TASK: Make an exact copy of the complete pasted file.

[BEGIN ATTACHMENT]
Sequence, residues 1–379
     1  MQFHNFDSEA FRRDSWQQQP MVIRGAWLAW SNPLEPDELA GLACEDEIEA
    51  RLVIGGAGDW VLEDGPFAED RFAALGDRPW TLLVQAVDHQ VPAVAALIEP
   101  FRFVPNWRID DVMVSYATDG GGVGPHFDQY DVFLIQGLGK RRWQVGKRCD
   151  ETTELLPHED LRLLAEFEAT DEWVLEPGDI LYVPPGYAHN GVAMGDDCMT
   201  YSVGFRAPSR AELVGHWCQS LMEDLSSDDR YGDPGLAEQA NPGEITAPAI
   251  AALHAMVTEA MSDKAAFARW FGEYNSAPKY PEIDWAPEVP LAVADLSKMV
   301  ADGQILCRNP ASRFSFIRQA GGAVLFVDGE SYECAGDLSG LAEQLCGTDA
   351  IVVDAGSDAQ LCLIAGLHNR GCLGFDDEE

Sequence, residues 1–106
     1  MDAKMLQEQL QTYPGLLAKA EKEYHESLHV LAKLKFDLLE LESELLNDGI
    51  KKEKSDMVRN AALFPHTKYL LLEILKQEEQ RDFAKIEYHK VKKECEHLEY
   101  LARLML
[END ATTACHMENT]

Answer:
Sequence, residues 1–379
     1  MQFHNFDSEA FRRDSWQQQP MVIRGAWLAW SNPLEPDELA GLACEDEIEA
    51  RLVIGGAGDW VLEDGPFAED RFAALGDRPW TLLVQAVDHQ VPAVAALIEP
   101  FRFVPNWRID DVMVSYATDG GGVGPHFDQY DVFLIQGLGK RRWQVGKRCD
   151  ETTELLPHED LRLLAEFEAT DEWVLEPGDI LYVPPGYAHN GVAMGDDCMT
   201  YSVGFRAPSR AELVGHWCQS LMEDLSSDDR YGDPGLAEQA NPGEITAPAI
   251  AALHAMVTEA MSDKAAFARW FGEYNSAPKY PEIDWAPEVP LAVADLSKMV
   301  ADGQILCRNP ASRFSFIRQA GGAVLFVDGE SYECAGDLSG LAEQLCGTDA
   351  IVVDAGSDAQ LCLIAGLHNR GCLGFDDEE

Sequence, residues 1–106
     1  MDAKMLQEQL QTYPGLLAKA EKEYHESLHV LAKLKFDLLE LESELLNDGI
    51  KKEKSDMVRN AALFPHTKYL LLEILKQEEQ RDFAKIEYHK VKKECEHLEY
   101  LARLML